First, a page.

Jenson Button's Formula One career ended in bitter disappointment on Sunday after he was forced to retire from the Abu Dhabi Grand Prix.
Button, competing in what he described as "probably" his final race as he makes way for Stoffel Vandoorne at McLaren next season, lasted only 12 laps before he parked his car.
The 36-year-old Englishman ran heavily over a kerb at the Yas Marina Circuit which damaged his front suspension.
"I don't think we've ever had a failure like this," said Button over the team radio as he limped back to the McLaren garage.
Button was given a standing ovation by the crowd before he stood on top of his McLaren cockpit and applauded them back.
The Englishman removed his crash helmet and his balaclava before hugging his mother, Simone, who brushed away tears, and the rest of his entourage. He then shook hands with his McLaren mechanics.
Jenson Button will treat Sunday's final race of the season in Abu Dhabi as his last in Formula One.
The 36-year-old British driver has still not completely ruled out a return in 2018, but it looks increasingly likely that Sunday's race will be his swansong.
"I go into this weekend thinking it's my last race," Button said at the press conference ahead of the race.
"At this moment in time I don't want to be racing in F1 beyond this race."
Button had already announced that he will take up an ambassadorial role for McLaren next year with the British team's highly-rated reserve driver Stoffel Vandoorne partnering Fernando Alonso.
McLaren has an option for Button, who has competed in more than 300 grands prix, to return to their race set-up in 2018, but it is one which is largely viewed as an insurance policy should Alonso walk away from the British constructor.
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McLaren racing director Eric Boullier says it is the British team's intention to retain Jenson Button next season.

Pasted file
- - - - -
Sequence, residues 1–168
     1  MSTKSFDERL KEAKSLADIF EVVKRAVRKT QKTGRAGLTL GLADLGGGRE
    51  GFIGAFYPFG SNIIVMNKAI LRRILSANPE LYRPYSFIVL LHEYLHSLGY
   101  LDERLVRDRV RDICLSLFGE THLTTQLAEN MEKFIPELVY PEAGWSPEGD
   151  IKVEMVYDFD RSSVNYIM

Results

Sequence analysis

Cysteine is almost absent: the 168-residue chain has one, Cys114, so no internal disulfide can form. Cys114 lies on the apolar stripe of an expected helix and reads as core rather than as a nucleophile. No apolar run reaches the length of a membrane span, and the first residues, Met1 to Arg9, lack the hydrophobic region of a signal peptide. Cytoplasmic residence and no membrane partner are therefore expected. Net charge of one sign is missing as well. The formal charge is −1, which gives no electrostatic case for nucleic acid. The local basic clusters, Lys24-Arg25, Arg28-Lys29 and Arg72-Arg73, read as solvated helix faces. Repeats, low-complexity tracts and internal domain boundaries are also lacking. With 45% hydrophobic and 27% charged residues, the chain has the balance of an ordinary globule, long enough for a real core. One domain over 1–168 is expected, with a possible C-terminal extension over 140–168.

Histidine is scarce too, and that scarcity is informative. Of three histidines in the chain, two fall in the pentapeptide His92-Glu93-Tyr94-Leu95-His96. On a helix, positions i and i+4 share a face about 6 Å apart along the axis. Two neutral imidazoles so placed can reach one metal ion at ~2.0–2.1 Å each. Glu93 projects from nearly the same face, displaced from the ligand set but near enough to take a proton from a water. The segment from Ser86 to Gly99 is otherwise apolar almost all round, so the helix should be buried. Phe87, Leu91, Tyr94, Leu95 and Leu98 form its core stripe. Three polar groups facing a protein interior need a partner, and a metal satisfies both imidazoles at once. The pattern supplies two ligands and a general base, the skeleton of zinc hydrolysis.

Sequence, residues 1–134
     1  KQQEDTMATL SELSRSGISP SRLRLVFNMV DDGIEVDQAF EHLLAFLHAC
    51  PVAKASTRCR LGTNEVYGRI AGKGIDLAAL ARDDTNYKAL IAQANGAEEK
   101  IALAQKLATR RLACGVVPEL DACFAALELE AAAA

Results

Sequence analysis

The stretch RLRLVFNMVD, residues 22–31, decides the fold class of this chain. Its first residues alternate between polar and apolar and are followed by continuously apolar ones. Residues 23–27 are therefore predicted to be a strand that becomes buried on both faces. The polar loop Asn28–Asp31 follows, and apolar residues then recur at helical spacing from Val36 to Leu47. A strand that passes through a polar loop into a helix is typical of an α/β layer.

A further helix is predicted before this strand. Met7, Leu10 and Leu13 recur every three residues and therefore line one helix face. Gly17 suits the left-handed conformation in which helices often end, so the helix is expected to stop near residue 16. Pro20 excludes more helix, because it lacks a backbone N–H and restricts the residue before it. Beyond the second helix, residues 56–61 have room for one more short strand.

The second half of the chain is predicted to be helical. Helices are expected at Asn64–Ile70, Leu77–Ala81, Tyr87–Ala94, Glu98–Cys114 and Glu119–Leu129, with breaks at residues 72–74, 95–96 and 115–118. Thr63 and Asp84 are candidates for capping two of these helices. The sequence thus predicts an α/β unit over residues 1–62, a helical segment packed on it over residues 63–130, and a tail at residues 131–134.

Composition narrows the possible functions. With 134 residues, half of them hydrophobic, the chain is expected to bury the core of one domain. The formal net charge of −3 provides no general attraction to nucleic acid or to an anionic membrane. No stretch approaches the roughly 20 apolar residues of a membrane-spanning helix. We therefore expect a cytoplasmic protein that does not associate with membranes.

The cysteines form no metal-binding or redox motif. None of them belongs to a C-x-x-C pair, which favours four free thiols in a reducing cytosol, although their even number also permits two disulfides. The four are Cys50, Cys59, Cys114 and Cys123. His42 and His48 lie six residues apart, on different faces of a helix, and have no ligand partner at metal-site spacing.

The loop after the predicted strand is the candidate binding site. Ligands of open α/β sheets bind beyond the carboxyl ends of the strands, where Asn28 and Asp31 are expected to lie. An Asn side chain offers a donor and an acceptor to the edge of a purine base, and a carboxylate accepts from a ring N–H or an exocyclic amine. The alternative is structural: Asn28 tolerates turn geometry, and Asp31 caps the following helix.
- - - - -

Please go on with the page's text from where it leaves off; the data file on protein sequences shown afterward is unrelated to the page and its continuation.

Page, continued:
For the second consecutive year Button, the 2009 world champion, faces an uncertain future at McLaren.
Kevin Magnussen, forced sideways are one year following Fernando Alonso's arrival and Stoffel Vandoorne, the runaway leader in Formula One's feeder series GP2, are both reported to be under consideration for his seat.
But Boullier, speaking from Monza, dropped the biggest hint so far that Button could be handed a seventh campaign with McLaren - and the 17th season of his grand prix career.
"As far as we are concerned, at McLaren, we only have two cars, so there will be only two race seats," Boullier said.
"We have two world champions today and we do intend to keep them, so far. Nevertheless it is a luxury problem to have four good drivers.
"Kevin and Stoffel are very good drivers, but if we can't fit or accommodate them at home we will do our best to make sure they can race next year."
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Jenson Button's wretched Bahrain Grand Prix weekend concluded even before the race started.
After incurring issues in both practice sessions on Friday, and again in qualifying on Saturday, Button's car failed to even make it out of the McLaren garage for the race at the Bahrain International Circuit.
Button was scheduled to start 20th and last after an electrical problem brought his qualifying to a halt after just three corners of his opening lap.
Despite his team of mechanics working feverishly to fix the problem, data materialised ahead of the evening event showing an issue still unresolved that could be traced back to the ongoing electrical problems.
With no guarantees the issue would not reoccur, on that basis it was determined the car would not be readied to start the race.